2018 is the year that I have challenged myself to incorporate digital fabrication in my classroom units of study. I have walked past the Fab Lab in my school for the past three years, peeking in the door, continually amazed by the exceptional and creative work being produced by students. I have been even more impressed by the enthusiasm of our students. I observed those who sat silently in my Algebra 1 or Geometry class come alive in a hands-on work space, innovating and using skills I imagined they had but couldn’t tap into. Previously, a professional development opportunity gave me a cursory preview of digital fab tools. However, I was reluctant to try out all that digital fabrication has to offer until now.
Project Based Learning (PBL) is a central focus at STEM School Chattanooga, so I have cross-curricular support and input from my team of teachers. Last year, our students were supported in their study of quadratic functions and Newton’s Laws by building trebuchets or catapults. They had a great time and built some interesting devices. However, as teachers, we wondered how deeply they understood the math and physics associated with their designs. This year, the goal is to teach students to use digital fabrication to better illustrate the engineering design process that allows for multiple iterations in prototyping. Access to design software, a laser cutter, and a 3D carving machine or “Carvey” enables our students to make adjustments to their launching device with better precision. It gives them better insight into the effect of the math and physics used in determining the trajectory of their launched object. This could be accomplished as a project in either a math or science class.
As a part of the SCOPES-DF cohort, not only am I tasked with incorporating digital fabrication in my own classes, but I’m also brainstorming ways to make it more accessible for all classroom teachers. In this regard, I have tried to identify the barriers that were holding me back and what I could do to overcome them. My biggest concerns were not personally knowing how to use all of the fabrication tools and which would be most useful for each of my project ideas. I teach 9th graders who mostly have not used the technology either, so how could I juggle teaching course material while providing them the needed time to learn how to use the tools? Also, I was uncertain of how much time is necessary for successful implementation and how to balance that with the need to address all of my course standards.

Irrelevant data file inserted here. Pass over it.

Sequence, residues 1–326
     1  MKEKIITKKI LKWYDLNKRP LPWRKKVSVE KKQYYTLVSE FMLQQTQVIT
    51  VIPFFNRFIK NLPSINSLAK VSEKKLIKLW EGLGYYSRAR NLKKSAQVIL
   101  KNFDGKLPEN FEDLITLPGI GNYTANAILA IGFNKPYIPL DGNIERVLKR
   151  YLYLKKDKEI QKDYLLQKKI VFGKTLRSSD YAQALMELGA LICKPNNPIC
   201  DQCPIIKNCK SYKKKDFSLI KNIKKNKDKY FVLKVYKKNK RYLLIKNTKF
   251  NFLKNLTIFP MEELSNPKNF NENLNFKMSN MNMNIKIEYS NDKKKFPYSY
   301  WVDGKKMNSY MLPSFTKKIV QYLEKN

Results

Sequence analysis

Rather than just jumping into the project with 80 students, I chose six who had shown an interest in the fab lab and asked them to complete each step of the lesson, from learning to use design software to building a final product with a CNC ShopBot. The benefit to using a small group was twofold; I could troubleshoot problems I probably wouldn’t have considered, and I had a group of experts who could provide technical assistance to their classmates. As we begin this project, I have included some reflections from my student experts. Like them, I can’t wait to watch this project evolve!